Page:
There exist out there several different 'distraction-free editors' for writing: these provide a fullscreen, minimal environment with the goal of forcing oneself to focus on the task at hand.

I want to do something similar with vim. While I can simply fire it up in a terminal and then press F11 to put it to fullscreen, I also want to limit the width to around 75 characters and centre the area I'm using.

Think about how word processors provide a virtual page in the middle of the program -- that's what I want. Sort of.

Is there a way to do this, either with a special terminal program or with some setting in vim? If one of the GUI vim programs have this capability, or if there's any other way of doing it that I haven't thought of, that would also be a useful answer.

3 Answers 3


If you start screen in a maximized xterm (Alt-Enter in xterm) as:

screen -c this-file

Where this-file contains:

focusminsize 75 25
split -v
split -v
split -v

You'll get a center region of width 75.

  • This is so close to perfect, thanks. This puts up white borders around the active area and along the bottom of the terminal; do you know if there's a way to get rid of those?
    – evilsoup
    Commented Aug 4, 2013 at 7:55
  • This didn't work for me.
    – slm
    Commented Aug 4, 2013 at 11:40
  • 1
    RE: my previous comment, the answer to getting rid of the borders can be found at this SU question. I put the lines in my .screenrc, so my default screen will use all the commands here. Works perfectly for me on Ubuntu 13.04, gnome-terminal version 3.6.1 (and on xterm and guake) and screen version 4.00.03jw4. Thanks!
    – evilsoup
    Commented Aug 4, 2013 at 13:42
  • I'm on Fedora 14 and gnome-terminal version 2.32.0. Screen version 4.00.03. xterm -v, Doesn't work there.
    – slm
    Commented Aug 4, 2013 at 15:00
  • Tried it on Ubuntu 13.04 worked there. I now see what it's doing. It's 3 panes, split equally, and the focus is in the middle one.
    – slm
    Commented Aug 4, 2013 at 15:38

An alternative is to use a program such as devilspie to accomplish this. In case you've never heard of devilspie:


A window-matching utility, inspired by Sawfish's “Matched Windows” option and the lack of the functionality in Metacity. Metacity lacking window matching is not a bad thing — Metacity is a lean window manager, and window matching does not have to be a window manager task.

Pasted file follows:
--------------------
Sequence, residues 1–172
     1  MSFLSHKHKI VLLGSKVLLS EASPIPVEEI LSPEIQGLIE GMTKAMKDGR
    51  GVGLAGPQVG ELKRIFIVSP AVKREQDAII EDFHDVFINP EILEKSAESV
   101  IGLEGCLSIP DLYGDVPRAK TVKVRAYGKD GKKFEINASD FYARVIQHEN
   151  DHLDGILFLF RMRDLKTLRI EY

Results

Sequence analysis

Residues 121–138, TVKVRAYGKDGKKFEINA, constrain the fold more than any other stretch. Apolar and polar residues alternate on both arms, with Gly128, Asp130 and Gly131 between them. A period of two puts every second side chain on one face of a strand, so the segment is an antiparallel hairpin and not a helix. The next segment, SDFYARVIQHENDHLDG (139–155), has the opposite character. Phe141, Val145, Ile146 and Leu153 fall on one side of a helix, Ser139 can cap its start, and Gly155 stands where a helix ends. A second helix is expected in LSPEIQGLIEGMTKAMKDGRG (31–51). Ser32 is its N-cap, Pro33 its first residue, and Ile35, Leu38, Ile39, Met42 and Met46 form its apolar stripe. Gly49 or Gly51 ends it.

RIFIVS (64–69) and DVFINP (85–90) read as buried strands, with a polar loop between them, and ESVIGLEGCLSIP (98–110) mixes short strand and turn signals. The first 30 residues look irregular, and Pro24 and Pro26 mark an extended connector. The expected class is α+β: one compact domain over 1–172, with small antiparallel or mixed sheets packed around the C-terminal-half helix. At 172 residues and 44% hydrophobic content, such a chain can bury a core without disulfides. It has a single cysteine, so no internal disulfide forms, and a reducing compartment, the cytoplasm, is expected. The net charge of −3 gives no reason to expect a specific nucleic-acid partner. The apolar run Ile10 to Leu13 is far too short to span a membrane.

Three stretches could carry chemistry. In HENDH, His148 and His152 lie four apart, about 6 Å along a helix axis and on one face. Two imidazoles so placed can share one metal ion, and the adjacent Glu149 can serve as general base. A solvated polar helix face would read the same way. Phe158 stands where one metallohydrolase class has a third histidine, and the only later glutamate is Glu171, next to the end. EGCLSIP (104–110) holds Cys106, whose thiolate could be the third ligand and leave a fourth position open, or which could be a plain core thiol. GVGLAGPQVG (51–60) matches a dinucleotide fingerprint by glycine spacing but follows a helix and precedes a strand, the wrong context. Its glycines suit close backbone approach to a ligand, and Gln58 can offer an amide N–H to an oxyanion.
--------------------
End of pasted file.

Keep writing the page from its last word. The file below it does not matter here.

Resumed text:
Devil's Pie can be configured to detect windows as they are created, and match the window to a set of rules. If the window matches the rules, it can perform a series of actions on that window. For example, I can make all windows created by X-Chat appear on all workspaces, and the main Gkrellm1 window does not appear in the pager or task list.

It should be in most distros' repos.


So to center a xterm window running vim inside of it you'd do the following.

  1. Make your Devil's Pie config. dir.

    $ mkdir ~/.devilspie
  2. Create a .ds file specifying you're Devil's Pie rule

    $ cat ~/.devilspie/something.ds 
        (matches (application_name) "vim")
            (geometry "600x400")
  3. Run devilspie. I like to run it debug mode (-d) to start.

    $ devilspie -d
    Devil's Pie 0.22 starting...
    Loading /etc/devilspie
    /etc/devilspie doesn't exist
    Loading /home/saml/.devilspie
    Loading /home/saml/.devilspie/something.ds
    1 s-expressions loaded.
  4. Run our xterm with vim.

    $ xterm -e vim

    ss of xterm vim

What's my window's name?

You can use the command xlsclient -l to get a list of open windows. I find it the easiest way to determine a window's name for incorporation into devilspie. You might also want to make use of xwininfo too.


$ xlsclients -l|less
Window 0x6800023:
  Machine:  grinchy
  Name:  vim
  Icon Name:  vim
  Command:  xterm -e vim
  Instance/Class:  xterm/XTerm

You can control a windows name like this:

$ xterm -title WeirdWindow -e vim


  • This is definitely neat, but it isn't what I'm trying to accomplish. It just positions the window in a specified place & with specified window dimensions, right? I want to have an active 'page' in the centre of the screen, with the rest of the screen blank -- so there are no distractions in the background.
    – evilsoup
    Commented Aug 4, 2013 at 13:48
  • @evilsoup - yes it centers xterm @ specified dimensions. You can blank the background, I'll update my answer just so we have an alternative method. Your question didn't say you wanted it blanked in the background, maybe I missed something. Also I think you're missing the power of devilspie. You could add a rule to the .ds file to minimize everything else, for example.
    – slm
    Commented Aug 4, 2013 at 14:44
  • @evilsoup - would blanking out the background suffice? I know you've got the other solution but I just wanted to provide an alternative method.
    – slm
    Commented Aug 4, 2013 at 15:40

There's a plugin for Vim called VimRoom which provides this via a mapping (default is V).

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